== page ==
Rhino poachers finally convicted. Photo: Pixabay

The suspects in two long-standing rhino poaching trials in the Mhala Regional Court have finally been successfully prosecuted. The South African National Parks (SANParks) today, 17 March 2021, commended the National Prosecuting Authority (NPA) in Mpumalanga for the successful prosecution.

In February 2021, three accused suspects – who were arrested back in August 2018 – were sentenced after a long trial by the Mhala Regional Court. They were all found guilty of rhino poaching related charges including possession of two sets of rhino horns, a high caliber hunting rifle, ammunition and trespassing in a national park with the intention of committing crime and the illegal hunting of an endangered animal.

Accused number one Peter Mathebula was given an effective sentence of 23 years behind bars while his two co-accused, Mustard Mathebula and Artur Valoyi were sentenced to an effective four years in jail, said SANParks in a statement today.

The three were arrested by SANParks Rangers in the Houtboschrand Section of the Kruger National Park after reacting to shots that were fired.

This week, on Monday 15 March 2021, the court concluded yet another long running rhino poaching case dating back to 2016. Two accused – Bennet Martin Lubisi and Bennet Johannes Bendane – were sentenced to an effective eight years behind bars for poaching related charges. They were found guilty of trespassing in a national park, possession of an unlicensed fire arm, ammunition with the intention to commit a crime. They were arrested before they could kill an animal.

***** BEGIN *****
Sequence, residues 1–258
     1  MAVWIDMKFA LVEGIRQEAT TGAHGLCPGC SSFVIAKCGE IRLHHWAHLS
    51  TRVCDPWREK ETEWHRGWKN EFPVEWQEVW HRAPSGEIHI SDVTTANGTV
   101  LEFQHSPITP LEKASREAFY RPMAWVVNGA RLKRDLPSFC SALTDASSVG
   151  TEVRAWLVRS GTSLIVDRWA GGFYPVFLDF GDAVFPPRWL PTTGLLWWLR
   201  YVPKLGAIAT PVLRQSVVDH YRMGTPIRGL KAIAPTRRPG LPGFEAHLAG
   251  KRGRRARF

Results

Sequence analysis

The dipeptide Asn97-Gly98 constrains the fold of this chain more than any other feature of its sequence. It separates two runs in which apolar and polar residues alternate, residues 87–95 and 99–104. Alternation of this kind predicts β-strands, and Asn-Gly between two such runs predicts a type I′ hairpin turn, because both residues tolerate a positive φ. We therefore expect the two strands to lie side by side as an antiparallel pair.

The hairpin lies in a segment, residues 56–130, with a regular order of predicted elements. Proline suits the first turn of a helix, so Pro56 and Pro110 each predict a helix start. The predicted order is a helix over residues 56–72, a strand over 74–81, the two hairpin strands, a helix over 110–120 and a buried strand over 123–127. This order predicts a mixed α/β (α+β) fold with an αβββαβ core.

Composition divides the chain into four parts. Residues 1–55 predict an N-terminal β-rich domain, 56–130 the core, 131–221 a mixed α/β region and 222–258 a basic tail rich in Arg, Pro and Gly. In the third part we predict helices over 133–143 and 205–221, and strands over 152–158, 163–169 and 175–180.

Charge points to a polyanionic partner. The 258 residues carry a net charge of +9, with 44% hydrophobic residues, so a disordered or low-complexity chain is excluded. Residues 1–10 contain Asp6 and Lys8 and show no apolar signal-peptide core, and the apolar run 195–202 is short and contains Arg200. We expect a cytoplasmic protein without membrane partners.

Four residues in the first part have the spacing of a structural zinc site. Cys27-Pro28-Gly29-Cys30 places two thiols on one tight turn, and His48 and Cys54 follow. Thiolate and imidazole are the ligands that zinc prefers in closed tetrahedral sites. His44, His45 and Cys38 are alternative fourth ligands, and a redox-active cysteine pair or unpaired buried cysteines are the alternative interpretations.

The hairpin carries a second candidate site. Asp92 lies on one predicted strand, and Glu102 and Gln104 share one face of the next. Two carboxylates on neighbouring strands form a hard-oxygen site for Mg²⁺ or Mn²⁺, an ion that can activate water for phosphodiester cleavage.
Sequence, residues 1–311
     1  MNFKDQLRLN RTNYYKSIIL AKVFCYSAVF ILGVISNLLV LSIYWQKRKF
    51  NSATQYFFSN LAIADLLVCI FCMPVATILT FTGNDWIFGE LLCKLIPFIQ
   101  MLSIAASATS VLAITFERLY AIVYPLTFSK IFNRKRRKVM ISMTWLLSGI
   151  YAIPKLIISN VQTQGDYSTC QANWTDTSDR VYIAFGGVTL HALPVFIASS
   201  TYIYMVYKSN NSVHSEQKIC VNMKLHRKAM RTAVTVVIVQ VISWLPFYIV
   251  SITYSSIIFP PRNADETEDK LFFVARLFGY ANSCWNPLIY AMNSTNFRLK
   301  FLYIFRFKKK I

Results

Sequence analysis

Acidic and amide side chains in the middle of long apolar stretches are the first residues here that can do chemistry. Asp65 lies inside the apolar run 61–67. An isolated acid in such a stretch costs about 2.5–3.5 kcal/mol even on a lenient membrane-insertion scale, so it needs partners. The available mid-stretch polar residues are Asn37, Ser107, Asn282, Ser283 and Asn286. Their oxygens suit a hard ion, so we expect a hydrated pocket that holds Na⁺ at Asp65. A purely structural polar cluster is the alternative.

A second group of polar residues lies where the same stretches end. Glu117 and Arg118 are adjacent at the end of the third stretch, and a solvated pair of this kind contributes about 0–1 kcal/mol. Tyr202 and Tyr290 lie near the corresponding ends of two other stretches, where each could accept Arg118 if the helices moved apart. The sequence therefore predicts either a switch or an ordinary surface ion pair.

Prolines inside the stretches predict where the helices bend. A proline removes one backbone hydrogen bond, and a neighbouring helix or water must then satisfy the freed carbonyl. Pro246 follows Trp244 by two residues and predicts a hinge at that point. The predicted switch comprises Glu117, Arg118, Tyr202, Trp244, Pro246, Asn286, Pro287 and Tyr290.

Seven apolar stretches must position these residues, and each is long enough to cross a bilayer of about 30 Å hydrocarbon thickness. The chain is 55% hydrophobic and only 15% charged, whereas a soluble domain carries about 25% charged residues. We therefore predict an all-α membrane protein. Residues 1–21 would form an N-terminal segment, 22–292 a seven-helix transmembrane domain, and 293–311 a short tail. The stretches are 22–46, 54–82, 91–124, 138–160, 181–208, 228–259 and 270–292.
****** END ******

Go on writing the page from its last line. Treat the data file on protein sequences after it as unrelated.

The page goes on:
The Managing Executive of the KNP, Gareth Coleman, praised those who made the initial arrests, the investigative and prosecuting teams.

“Although it has taken some time, we are proud of the work done by the rangers, the investigating and prosecuting teams under very difficult circumstances. Successes of this nature show the importance of co-operation between the various state agencies to help combat the assault on the rhino population in the Kruger National Park. We hope that the many outstanding cases can be concluded as soon as possible so as to act as a clear deterrent to those involved” concluded Coleman.

Meanwhile it has been confirmed that cases will resume at the Skukuza Regional court as from 1 April 2021 onwards.